CHARACTER AND STRUCTURE OF THE ECONOMY
The Ivory Coast is one of the many poor countries of the world whose economies are underdeveloped. Limited in its command of capital, enterprise and skilled labor, it suffers the classical disadvantages of being almost exclusively an importer of manufactured goods and an exporter of primary agricultural products. Nevertheless, it is closer to prosperity than are most of the other West African countries. Its resources are more varied; its range of exports is more diversified; and its infrastructure is better developed than those of all but a very few of its neighbors. Extractive and processing industries have taken a foothold and are growing. In contrast to most of the new African republics, it has enjoyed a continuously favorable balance of trade since the early 1950's. Of all the former French West African territories, the Ivory Coast had the highest potential for economic growth in 1962.
The Ivory Coast's economic dependency on France outlived its political dependency and still existed in 1962. French public and private capital helped to support the government, assured the internal and external acceptability of the currency, financed most major commercial enterprises, and was the foundation of the country's banking and credit structure. French enterprises operating in the country were a major market for the Ivory Coast's wage labor; France absorbed over half of the country's exports; and Frenchmen held most of the key posts in business and in many government ministries.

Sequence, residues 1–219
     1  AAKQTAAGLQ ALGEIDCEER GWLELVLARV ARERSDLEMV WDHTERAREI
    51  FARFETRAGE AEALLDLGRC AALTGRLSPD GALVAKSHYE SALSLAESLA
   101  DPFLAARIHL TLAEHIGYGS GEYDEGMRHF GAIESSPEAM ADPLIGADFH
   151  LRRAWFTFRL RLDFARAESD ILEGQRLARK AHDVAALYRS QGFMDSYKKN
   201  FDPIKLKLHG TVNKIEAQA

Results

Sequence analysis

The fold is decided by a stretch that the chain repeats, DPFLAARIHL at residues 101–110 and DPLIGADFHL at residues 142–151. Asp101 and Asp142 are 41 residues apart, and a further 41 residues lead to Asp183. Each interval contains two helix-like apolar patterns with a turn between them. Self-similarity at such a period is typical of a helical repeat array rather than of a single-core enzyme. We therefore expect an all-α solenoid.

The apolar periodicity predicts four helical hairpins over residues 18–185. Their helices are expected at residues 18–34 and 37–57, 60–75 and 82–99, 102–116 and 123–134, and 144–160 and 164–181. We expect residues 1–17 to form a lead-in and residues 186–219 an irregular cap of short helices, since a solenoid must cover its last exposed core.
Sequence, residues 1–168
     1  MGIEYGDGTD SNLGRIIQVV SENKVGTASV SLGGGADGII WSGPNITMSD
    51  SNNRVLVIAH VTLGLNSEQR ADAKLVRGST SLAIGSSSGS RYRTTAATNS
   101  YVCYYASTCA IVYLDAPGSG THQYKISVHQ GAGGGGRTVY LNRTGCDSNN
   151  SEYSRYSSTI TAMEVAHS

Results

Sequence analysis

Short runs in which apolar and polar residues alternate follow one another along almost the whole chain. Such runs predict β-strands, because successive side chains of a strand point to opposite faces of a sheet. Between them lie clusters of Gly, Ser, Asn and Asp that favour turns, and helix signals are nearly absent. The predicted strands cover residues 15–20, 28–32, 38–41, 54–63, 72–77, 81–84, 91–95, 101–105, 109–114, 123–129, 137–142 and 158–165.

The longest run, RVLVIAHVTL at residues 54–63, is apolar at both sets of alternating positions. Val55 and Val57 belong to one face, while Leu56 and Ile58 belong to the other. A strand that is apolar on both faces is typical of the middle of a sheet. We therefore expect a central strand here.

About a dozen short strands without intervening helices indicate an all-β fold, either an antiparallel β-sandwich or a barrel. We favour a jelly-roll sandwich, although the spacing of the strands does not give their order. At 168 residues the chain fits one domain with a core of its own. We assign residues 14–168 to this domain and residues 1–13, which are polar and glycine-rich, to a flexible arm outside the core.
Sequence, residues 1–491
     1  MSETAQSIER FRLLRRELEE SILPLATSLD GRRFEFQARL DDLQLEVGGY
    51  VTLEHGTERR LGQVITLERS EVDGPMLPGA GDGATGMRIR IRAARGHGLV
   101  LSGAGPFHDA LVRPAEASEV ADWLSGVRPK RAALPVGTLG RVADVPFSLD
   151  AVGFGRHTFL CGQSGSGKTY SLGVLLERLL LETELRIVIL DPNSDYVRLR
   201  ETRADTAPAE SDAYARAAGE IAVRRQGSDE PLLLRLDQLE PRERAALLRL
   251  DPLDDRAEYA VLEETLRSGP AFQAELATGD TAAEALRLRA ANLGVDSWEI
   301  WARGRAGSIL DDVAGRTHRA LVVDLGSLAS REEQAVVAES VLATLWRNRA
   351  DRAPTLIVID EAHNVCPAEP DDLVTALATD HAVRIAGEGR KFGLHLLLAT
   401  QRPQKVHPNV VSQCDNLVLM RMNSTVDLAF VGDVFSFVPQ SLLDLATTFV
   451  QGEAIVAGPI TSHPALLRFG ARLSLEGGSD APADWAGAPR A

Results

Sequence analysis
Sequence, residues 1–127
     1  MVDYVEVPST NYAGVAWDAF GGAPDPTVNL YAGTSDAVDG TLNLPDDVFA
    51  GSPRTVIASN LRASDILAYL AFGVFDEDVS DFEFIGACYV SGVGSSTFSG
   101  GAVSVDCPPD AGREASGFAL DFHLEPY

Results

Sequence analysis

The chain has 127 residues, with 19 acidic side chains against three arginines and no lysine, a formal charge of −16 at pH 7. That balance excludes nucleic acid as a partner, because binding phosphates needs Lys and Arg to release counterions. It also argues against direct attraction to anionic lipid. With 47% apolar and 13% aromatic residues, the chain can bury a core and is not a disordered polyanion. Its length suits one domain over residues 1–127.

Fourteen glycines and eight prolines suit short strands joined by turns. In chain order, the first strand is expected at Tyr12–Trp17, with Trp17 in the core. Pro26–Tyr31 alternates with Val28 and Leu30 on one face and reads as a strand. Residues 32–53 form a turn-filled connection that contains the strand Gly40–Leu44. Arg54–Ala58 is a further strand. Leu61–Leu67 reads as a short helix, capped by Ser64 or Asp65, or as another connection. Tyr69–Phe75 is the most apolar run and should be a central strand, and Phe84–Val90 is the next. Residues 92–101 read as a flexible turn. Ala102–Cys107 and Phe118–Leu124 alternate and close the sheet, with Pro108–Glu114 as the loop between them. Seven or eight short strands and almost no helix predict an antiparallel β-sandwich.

On the other hand, the economic bonds between the Ivory Coast and the other former French dependencies in West Africa were weak, despite a common heritage and a community of interests. However, the government, by virtue of its adherence to a number of groupings of former French African territories, was committed to the principle of African economic cooperation and eventual unity, but not at the expense of its immediate domestic interests or its close economic ties with France (see ch. 21, Domestic and Foreign Trade).
By its broad policies, the government was promoting a mixed economy in 1962, but one that encouraged and favored free enterprise. Also, it seldom permitted political considerations to impede overall economic